and celebrate her singing, when no one
her approves delight’s imaginings.

Lydea is soon “called to the house of Goodman H.D. / to dress the whip marks on his wife’s back,” her “punishment for a voice too brash and harsh.” She conveys how “The court ordered six stripes to her naked back,” “in a public display on the Palisado Green,” then describes the scene from her perspective: “Standing at a distance” where a crowd gathers around the woman’s “small frame” and to watch with “men / with muskets ready, and women glaring.” Lydea notes that as the woman is “flogged,” “her arms fought bravely to cover her breasts.”

Besides painting a violent scene that underscores the rigidity with which certain moral codes, particularly those for women, were enforced, “A Lashing” reveals a pattern of abuse against women and foreshadows eventual accusations of witchcraft that soon will be leveled first at Lydea and then Kate.

After an afternoon in the forest gathering herbs with her Native American friend, Lydea returns to town to find “the Constable and a crowd / of Goodwives waiting.” “There she is,” they say, “the Witch.” The Constable knocks the basket of herbs from Lydea’s hands, binds her wrists and makes her climb “into a cart bound for Hartford jail.” She goes before the Magistrates who “wear lace collars to read their verdict” and indict her for “not having the fear of / God” and proclaim her “hanging set for December.

The remainder of the narrative is told entirely by Kate who misses her aunt’s guidance, friendship, and nurturing. Kate loses her husband and is harassed when she does not sell her land or marry another man until, in “5 May 1668,” she is “dragged from [her] bed, one morning / bound and accused of witchcraft.” She is imprisoned and must face the testimony of the people in her community whom she had believed were her friends and neighbors, people she and her aunt had helped and nursed to health. She is found “guilty of witchcraft” and sentenced to hang just as her aunt and many women before her were.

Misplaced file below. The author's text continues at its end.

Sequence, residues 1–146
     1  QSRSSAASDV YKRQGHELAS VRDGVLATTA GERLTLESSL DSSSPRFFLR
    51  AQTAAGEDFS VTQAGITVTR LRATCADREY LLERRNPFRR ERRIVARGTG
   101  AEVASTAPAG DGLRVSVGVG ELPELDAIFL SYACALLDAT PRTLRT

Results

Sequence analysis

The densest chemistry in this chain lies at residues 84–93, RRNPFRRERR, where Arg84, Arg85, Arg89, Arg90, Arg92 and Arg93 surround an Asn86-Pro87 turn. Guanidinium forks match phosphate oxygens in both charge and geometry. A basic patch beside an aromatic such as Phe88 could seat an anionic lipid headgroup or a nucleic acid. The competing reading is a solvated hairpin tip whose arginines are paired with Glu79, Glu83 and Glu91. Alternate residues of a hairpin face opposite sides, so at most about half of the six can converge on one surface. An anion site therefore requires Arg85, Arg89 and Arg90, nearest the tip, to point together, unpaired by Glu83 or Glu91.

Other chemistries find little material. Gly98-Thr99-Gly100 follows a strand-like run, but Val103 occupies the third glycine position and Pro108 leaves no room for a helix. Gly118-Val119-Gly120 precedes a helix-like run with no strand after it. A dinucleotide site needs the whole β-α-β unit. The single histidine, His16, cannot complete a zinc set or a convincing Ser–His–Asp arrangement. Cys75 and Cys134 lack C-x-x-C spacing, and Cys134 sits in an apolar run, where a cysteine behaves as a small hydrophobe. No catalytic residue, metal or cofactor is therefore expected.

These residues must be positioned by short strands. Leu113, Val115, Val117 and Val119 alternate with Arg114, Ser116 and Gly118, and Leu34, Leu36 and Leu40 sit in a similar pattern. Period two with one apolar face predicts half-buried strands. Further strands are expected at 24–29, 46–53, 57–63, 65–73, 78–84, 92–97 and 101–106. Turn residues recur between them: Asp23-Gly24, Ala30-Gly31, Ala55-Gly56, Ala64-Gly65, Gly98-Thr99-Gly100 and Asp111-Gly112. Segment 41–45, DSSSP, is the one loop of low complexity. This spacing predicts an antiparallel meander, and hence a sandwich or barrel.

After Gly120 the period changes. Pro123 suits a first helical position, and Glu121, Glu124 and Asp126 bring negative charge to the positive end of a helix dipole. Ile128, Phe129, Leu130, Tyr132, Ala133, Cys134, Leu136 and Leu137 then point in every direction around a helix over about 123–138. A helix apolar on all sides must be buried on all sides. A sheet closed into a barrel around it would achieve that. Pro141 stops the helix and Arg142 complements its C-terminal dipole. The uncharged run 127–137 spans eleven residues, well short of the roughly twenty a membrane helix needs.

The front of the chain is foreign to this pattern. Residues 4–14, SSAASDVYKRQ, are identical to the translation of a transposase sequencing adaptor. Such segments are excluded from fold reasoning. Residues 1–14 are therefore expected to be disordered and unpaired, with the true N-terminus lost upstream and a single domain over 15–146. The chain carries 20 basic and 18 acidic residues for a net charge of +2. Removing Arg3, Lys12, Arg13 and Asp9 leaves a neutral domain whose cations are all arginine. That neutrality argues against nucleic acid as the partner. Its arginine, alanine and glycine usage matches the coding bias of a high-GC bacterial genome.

Like Bradstreet, Secord investigates contradictions that exist between harsh Puritan concepts of a judgmental God and love of nature. Using received forms, like the sonnet, pantoum, and sestina, Secord blends modern language with the lilt and pace of formal poetry to create a beautiful marriage of form and function that allows the poet to approach difficult and violent moments of survival and visceral imagery without devolving into pure pathos. Modern comforts of running water, heat at the flip of a switch, access to warehouses of food, and modern medicine obscure harsh living conditions of the17th century–how every day was a literal struggle for life and death–especially for women. Secord brings these realities into sharp focus to revive the past and remind us of America’s early mores meant to control women, mores that bubble up even today.

Lisa Hase-Jackson holds a Master’s in English from Kansas State University and is pursuing her MFA at Converse College in Spartanburg, South Carolina. Her poems have appeared in Kansas City Voices and Pilgrimage, among other literary journals, and have been anthologized in Lift the Sky. She is the editor of 200 New Mexico Poems and editor-in-chief of South 85 Journal.